I’m about to embark on a series of posts that are going to be written with the best of intentions, and the best research I can perform. However, I realize that my particular voice and perspective are going to be tinged by who I am and what I experience of the world. I’ll be writing articles on class, education, race, gender, sex, etc. And of course, I have all of those things in my own life.
Rather than quake in the silent shame of Imposter Syndrome, I have decided to face my own privilege directly. Clarify it, speak on it, and where I am aware of it (as well as where my blind spots may be.)
This post will necessarily get a little more biographical than I usually prefer to put on the internet. But as I start to say uncomfortable things, I don’t want there to be any question of “Who does she think she is?”
What is Privilege?
Privilege is what you have when your self-description is the surrounding culture’s “default” setting. When the systems and structures surrounding you are set up in your favor, this is largely invisible to you unless you actively look for it. When you find yourself reflected positively in art all around you, it’s invisible that others don’t.
For those of you who have 4 minutes, and like visuals, this video is powerful. It’s only the very beginning of all of the things that speak to privilege, but I do find it a solid starting place.
A great metaphor is trying to bike or walk on a road that is designed for cars. The cars have the privilege. The road was designed for them. Without sidewalks or bike lanes, the road is dangerous to pedestrians and cyclists. Maybe intersections have the right kind of stop sign or signal for car traffic, but there’s no crosswalk. The pedestrian on this road will be in danger, and the structure of the road clearly does nothing to help ensure their survival.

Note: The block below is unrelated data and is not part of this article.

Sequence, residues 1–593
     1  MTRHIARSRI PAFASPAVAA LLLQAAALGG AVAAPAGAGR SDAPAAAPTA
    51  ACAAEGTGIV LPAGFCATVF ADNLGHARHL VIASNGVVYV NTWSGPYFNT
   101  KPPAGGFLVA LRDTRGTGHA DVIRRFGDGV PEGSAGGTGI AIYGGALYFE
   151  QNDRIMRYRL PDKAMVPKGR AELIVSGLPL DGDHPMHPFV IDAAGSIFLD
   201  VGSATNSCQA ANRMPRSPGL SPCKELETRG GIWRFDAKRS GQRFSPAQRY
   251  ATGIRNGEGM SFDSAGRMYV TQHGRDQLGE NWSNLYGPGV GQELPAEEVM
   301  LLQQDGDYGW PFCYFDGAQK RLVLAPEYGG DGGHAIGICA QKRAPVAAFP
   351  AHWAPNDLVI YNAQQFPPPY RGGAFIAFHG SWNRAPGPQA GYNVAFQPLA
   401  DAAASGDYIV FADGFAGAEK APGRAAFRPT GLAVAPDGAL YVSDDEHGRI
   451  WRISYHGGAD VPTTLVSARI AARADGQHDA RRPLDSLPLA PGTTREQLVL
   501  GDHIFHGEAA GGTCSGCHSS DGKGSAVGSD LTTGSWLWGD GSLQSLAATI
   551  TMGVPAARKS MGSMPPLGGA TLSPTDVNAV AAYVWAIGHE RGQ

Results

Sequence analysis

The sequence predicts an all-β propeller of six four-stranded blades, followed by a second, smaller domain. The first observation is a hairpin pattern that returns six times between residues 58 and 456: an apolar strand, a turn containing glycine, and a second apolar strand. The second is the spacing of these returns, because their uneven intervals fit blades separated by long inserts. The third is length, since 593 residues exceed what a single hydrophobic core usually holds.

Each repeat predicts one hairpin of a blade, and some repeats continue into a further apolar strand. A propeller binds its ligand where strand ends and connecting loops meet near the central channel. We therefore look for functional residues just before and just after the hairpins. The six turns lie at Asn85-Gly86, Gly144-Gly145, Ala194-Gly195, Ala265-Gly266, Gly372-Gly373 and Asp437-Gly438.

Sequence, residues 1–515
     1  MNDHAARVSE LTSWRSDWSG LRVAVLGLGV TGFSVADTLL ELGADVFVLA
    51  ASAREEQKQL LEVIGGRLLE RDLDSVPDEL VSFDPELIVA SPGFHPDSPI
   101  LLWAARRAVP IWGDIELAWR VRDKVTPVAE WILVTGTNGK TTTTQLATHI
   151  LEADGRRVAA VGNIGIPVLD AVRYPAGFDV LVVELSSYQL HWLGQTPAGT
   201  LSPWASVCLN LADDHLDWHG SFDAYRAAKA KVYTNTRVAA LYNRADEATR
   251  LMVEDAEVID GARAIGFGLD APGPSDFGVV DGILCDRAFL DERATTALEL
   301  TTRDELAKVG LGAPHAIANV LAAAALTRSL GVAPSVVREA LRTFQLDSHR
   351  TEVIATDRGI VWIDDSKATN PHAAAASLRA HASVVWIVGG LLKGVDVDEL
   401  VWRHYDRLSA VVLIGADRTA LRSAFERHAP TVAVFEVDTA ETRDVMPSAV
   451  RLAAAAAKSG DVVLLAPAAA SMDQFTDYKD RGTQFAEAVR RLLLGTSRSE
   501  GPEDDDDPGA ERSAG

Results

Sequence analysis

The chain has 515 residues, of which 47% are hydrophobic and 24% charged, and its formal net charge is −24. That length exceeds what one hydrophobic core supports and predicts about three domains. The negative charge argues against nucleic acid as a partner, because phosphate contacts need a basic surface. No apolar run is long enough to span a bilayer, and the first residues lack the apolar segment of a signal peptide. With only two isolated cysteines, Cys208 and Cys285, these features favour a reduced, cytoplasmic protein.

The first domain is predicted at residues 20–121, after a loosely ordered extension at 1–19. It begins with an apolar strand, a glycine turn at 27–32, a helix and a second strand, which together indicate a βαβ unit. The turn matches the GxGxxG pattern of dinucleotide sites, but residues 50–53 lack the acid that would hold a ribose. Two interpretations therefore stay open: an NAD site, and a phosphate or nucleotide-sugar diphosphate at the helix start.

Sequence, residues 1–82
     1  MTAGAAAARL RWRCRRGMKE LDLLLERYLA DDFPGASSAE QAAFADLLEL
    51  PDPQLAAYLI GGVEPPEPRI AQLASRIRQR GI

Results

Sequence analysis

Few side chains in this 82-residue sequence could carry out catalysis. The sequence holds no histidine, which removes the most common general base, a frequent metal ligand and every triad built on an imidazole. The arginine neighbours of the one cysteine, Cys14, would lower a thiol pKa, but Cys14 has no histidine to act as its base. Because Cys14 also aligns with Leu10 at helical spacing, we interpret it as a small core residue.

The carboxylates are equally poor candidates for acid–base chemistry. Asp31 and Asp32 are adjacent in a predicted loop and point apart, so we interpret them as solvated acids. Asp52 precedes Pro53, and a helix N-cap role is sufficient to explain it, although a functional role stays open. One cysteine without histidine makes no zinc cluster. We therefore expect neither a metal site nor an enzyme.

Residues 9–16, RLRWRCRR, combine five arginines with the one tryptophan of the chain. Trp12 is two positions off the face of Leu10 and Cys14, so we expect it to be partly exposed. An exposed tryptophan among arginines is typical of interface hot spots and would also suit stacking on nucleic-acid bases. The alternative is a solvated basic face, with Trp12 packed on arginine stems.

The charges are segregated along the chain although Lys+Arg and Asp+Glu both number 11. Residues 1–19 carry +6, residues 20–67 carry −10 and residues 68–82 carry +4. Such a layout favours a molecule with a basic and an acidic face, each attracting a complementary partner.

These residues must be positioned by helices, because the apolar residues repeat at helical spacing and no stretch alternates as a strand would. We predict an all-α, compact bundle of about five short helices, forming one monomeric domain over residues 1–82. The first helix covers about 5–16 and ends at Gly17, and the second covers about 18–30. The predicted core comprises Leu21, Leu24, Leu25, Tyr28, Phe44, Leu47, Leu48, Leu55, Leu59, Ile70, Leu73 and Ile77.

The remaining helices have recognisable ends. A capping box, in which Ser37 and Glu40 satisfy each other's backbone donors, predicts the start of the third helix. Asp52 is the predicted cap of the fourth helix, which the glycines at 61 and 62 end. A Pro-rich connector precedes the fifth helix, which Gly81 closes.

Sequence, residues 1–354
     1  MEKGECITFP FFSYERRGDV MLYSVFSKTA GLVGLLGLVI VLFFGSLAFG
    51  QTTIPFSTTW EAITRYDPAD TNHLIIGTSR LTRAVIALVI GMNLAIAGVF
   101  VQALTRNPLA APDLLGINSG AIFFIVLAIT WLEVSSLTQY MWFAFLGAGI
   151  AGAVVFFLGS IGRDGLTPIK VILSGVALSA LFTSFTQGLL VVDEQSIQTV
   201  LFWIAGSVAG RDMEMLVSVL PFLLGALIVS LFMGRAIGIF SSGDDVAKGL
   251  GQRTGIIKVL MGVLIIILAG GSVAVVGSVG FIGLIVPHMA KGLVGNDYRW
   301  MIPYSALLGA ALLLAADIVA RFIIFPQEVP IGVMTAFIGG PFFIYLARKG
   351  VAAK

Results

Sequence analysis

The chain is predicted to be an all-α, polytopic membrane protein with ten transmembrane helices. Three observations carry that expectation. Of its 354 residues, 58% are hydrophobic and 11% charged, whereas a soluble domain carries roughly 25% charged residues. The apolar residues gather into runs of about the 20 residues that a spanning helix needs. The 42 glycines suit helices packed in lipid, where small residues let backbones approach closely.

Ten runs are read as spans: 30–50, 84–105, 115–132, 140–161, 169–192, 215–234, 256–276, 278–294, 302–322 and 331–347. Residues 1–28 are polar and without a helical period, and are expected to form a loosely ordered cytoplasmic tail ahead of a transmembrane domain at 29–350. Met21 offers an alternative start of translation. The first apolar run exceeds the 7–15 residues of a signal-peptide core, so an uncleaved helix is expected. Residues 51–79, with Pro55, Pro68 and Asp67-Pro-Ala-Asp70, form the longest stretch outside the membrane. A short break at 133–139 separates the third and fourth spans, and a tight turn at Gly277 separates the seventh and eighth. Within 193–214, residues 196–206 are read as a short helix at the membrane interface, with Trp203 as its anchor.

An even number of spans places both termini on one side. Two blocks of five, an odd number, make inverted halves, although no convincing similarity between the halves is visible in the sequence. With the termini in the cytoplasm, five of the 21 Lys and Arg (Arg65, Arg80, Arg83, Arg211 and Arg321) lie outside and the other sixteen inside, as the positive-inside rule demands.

Do you notice this, as a driver of a car? Only if you look.
And I don’t know about you, but I only look when either (a) I have been a pedestrian in that situation myself, or (b) someone else who has been there tells me to look.
The cyclist, on the other hand, may feel a little uneasy without a shoulder. May be in danger of being side-swiped, but they can go much faster than a pedestrian. They aren’t quite as exposed. The cyclist is actually where the vast majority of us reside – we have some privileges, and we lack others. Motorcyclists, say, could also fit in this spectrum. Also exposed and less likely to be seen than cars. But they also have advantages of speed and noisy pipes to get drivers’ attention.
We have to “check our privilege” or “unpack our privilege” not for reasons of shame or guilt, but to have our eyes opened to the experiences of the pedestrians, cyclists, and motorcyclists around us. We become better drivers as a result.
What are the “default” settings?
My very next post is going to be about what’s not in the cultural shadow, it ties closely to what is the “default” setting for American culture. I’ll get into way more detail about why I included these things on this list in that subsequent post.
What is default for American culture:
- aged 18-50
- upper middle class
- moderately attractive
- has health insurance (but doesn’t need it)
- has a car/truck
- Natural born US citizen
- Your first language is English, and so was your parents’
- Grew up in a family that was well-employed, had health insurance, had a car
- Lives in a neighborhood that reflects those same things
There is nothing wrong with checking off every thing on this list. I can tell you that my stepson and husband fall on this list most of the way. That’s great for them! It also makes them have more responsibility for seeing and hearing the experiences of people around them. In my metaphor above, they are both driving cars on the road, and may or may not be aware of the cyclists or pedestrians.
Why “unpack” or “check” Privilege?
The neat thing about privilege is that it’s actually an opportunity. If my husband or stepson were to speak up on behalf of someone who doesn’t share their privilege, it helps the people around them see things differently. Their voices – from a place of the “default” settings – are more powerful, and more easily heard by people in power.
Unpacking privilege, for the privileged, is an exercise in realizing where our power and responsibility lies.
Unpacking privilege, for someone like me who is somewhere in the middle, both shows me my places of power and avenues for creating change, but also helps me experience empathy. Because I know what it feels like in my own situation, I am better able to understand how others must feel.
In this case, I’m going to be talking a lot about these issues, and where my particular privilege lies will likely matter.
How Privileged Am I?